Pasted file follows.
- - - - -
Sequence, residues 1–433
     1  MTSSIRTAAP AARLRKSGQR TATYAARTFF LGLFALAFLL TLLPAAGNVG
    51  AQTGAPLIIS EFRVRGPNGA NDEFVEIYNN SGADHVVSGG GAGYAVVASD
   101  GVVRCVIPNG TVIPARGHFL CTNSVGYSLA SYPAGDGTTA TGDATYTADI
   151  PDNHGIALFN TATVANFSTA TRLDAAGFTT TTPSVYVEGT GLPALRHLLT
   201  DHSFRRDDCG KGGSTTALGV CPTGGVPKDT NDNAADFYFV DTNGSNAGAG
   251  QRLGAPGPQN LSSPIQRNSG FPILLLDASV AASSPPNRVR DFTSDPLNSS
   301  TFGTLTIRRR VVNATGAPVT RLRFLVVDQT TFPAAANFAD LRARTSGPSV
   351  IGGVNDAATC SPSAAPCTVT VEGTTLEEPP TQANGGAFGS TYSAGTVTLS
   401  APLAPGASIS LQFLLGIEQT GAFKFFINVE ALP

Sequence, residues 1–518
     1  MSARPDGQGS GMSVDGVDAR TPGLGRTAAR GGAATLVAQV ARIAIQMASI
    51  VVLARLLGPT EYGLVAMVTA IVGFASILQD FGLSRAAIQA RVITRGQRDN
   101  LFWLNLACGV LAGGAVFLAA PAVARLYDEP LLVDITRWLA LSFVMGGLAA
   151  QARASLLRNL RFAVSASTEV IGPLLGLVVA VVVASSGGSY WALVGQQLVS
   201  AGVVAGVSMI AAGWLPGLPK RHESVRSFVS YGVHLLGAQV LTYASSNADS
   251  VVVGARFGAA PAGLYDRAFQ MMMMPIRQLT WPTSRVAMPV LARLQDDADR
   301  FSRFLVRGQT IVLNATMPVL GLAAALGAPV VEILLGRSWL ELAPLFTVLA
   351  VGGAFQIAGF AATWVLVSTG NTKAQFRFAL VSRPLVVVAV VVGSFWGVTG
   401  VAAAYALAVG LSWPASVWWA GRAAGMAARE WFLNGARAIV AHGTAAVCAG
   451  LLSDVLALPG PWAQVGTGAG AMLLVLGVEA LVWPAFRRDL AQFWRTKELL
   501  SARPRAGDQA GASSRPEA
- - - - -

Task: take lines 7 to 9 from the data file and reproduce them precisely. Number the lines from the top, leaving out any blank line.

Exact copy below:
   251  QRLGAPGPQN LSSPIQRNSG FPILLLDASV AASSPPNRVR DFTSDPLNSS
   301  TFGTLTIRRR VVNATGAPVT RLRFLVVDQT TFPAAANFAD LRARTSGPSV
   351  IGGVNDAATC SPSAAPCTVT VEGTTLEEPP TQANGGAFGS TYSAGTVTLS